Packing your suitcase for an African safari

Actually, it is best to leave the suitcase at home and pack a duffle bag instead, a soft bag. Soft bags can be moulded to fit into limited luggage space on a plane or your safari vehicle. Especially for the smaller airlines this is sometimes compulsory.

Also, pack light. Domestic airlines and tour operators usually have a 15kg limited and you don’t want them to leave your bag behind because it is too heavy.

Clothes

The clothes you need will depend on your exact destination and how long you plan to stay there. Think comfortable clothes and bring layers so you can add or remove a layer when you need to.

For daytime hours it is best to go with light coloured, not bright, clothes. Tsetse flies love dark colours, especially dark blue and black so they are best avoided. Whites are hard to keep clean so might not be the best choice either and leave the camouflage gear at home as this is not always appreciated by police and the army in African countries.

However, at night it doesn’t matter what colour you wear so your entire bag doesn’t have to be full of khaki clothes…

If your accommodation offers a laundry service, you can bring fewer items and have them washed on location. But remember, this is nearly always done by hand and not a good idea for delicates. Washing powder is usually provided to wash those and your own underwear as these are not washed at camps.

Warm clothes

Yes, you are going to Africa and yes, daytime temperatures might be warm or even hot. But at night it often cools down and away from the campfire, it can be quite chilly. Also remember that many vehicles are open. When you drive back in the evening, perhaps after a lovely sundowner, it is going to be fresh or cold (depending where you are) on the drive back.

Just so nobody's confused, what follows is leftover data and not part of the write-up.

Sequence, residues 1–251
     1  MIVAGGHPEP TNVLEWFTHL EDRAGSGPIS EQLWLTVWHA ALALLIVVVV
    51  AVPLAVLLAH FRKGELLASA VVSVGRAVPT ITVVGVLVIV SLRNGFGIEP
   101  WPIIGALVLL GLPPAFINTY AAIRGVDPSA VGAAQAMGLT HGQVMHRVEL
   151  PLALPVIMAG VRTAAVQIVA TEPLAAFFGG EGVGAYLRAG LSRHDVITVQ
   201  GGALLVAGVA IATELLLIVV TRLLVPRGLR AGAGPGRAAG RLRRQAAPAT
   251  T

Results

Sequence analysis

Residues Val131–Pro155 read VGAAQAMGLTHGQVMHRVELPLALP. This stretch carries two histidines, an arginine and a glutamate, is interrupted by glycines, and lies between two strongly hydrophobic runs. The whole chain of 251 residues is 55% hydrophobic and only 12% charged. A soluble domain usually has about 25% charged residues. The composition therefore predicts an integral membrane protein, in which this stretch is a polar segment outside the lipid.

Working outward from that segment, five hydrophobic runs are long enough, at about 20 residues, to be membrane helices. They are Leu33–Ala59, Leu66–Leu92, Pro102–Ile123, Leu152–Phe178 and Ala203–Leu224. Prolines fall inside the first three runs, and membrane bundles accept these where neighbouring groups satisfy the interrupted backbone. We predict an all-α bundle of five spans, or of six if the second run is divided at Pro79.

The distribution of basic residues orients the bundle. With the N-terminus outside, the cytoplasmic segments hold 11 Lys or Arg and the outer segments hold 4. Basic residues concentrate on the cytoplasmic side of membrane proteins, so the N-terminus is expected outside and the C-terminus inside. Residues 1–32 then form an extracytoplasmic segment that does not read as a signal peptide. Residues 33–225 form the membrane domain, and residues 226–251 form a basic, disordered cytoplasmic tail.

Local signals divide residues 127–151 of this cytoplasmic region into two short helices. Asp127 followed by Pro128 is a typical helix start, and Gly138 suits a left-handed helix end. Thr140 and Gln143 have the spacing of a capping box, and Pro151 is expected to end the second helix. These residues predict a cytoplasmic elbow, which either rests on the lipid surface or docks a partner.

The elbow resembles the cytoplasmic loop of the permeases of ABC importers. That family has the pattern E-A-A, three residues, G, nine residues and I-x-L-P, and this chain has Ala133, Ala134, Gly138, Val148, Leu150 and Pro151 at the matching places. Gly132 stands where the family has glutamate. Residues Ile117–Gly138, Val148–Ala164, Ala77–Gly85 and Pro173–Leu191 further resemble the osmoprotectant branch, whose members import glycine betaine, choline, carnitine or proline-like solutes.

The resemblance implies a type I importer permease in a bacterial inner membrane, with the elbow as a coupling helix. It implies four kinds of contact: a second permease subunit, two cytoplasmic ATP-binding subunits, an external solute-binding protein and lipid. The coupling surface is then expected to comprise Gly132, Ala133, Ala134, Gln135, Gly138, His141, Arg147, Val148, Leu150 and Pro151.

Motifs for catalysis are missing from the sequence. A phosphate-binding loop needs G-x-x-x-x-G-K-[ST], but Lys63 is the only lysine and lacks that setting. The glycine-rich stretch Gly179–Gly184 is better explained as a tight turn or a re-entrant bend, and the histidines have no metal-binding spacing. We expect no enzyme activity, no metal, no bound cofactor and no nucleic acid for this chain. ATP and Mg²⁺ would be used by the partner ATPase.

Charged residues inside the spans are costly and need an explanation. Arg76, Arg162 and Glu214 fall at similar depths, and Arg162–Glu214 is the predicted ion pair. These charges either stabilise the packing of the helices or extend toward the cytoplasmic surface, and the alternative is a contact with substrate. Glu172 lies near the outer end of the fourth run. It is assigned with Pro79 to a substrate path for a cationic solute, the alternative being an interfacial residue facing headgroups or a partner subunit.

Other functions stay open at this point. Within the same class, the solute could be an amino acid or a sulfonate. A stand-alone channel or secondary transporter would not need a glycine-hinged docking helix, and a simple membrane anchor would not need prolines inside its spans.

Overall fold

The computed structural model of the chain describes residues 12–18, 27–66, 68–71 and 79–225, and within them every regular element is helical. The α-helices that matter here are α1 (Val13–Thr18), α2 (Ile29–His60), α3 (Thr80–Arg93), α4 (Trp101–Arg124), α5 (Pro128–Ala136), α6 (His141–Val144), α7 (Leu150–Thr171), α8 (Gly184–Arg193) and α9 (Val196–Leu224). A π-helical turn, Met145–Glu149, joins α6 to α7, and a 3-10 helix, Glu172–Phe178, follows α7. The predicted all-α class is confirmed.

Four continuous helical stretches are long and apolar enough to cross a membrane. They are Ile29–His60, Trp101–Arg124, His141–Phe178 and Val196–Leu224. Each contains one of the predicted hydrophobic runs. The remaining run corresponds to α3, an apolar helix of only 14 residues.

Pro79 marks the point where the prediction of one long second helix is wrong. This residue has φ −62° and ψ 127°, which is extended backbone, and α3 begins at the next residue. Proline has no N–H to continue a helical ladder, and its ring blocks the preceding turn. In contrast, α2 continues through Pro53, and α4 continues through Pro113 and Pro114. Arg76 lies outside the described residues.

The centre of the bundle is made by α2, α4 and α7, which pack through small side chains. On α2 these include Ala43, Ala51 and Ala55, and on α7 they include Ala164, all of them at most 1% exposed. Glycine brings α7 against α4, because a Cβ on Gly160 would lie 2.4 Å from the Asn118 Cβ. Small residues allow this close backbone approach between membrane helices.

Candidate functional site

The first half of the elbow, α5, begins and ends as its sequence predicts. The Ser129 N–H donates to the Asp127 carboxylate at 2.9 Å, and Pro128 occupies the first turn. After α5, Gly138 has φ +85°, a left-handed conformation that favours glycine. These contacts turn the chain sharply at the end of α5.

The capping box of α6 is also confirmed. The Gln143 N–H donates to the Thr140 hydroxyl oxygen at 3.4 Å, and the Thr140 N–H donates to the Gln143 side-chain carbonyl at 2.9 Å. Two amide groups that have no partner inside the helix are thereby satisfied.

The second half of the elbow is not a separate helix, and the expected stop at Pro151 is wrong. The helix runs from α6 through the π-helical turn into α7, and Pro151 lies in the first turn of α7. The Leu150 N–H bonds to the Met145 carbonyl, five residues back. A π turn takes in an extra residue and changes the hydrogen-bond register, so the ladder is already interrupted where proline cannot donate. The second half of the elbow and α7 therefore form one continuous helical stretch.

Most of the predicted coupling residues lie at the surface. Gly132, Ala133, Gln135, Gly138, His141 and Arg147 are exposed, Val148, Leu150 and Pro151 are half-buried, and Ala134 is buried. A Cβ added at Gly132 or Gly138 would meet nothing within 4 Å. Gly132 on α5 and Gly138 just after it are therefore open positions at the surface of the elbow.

And if you are lucky enough to be in a location where night drives are allowed, you will also need your warmer gear and bright (head) torch then. Thick socks, a woolly hat, and a rain or wind jacket to stop the wind chill can all come in very handy.

Head torch

If you have a head torch, bring it. It is great as a hands-free light. If you have a good, bright torch, bring it. Having a personal light at night will come in handy and it is fun to spot animals around your tent or in camp. You’d be surprised what you can find with a torch and a bit of patience. Porcupines, genets, white-tailed mongoose, bush babies or owls and many more nocturnal creatures can all be found around camps with a bit of luck. Your safari doesn’t have to stop the minute you step out of the safari vehicle after your game drive!

Sun protection

The African sun can be fierce and you need to make sure you don’t get sunburnt. Especially in open vehicles where the wind can also cause ‘sunburn’, it is important to be prepared. Suncream should be applied to all exposed skin, don’t forget your ears, hands and feet. A sun visor, cap or other sun hat together with sunglasses will protect your eyes, but they also keep long hair out of your face when driving along.

Pick up a kikoy, a local scarf made of 100% cotton, and add it to your travel kit. Or bring a similar wrap, sarong or scarf from home. A kikoy is incredibly versatile and can be used to protect you from wind, sun, the cold and even mosquitos and tsetse flies when needed. And when you are back home your kikoy will always remind you of your amazing African safari.

First aid kit

Pack any personal medication you need into an easily recognisable bag. And don’t forget to include a letter from your doctor if you need to carry any medication that might be a reason for concern at border crossings.

A first aid kit should contain things like:

  • your personal medication – check with your doctor to discuss what you need to pack and if you need a letter to carry with it
  • your antimalarial medication
  • mosquito spray or roll-on
  • painkillers – for example aspirin and ibuprofen
  • motion sickness tablets
  • plasters
  • antihistamine – to relieve the reaction to a bite or pollen
  • immodium – to reduce the frequency of needing the toilet when you have diarrhoea
  • ORS (oral rehydration salts) – for treatment of dehydration
  • something to stop the itching from a mosquito or tsetse fly bite, for example, tiger balm or pawpaw cream
  • ointment to relieve the skin from sunburn, for example, aloe vera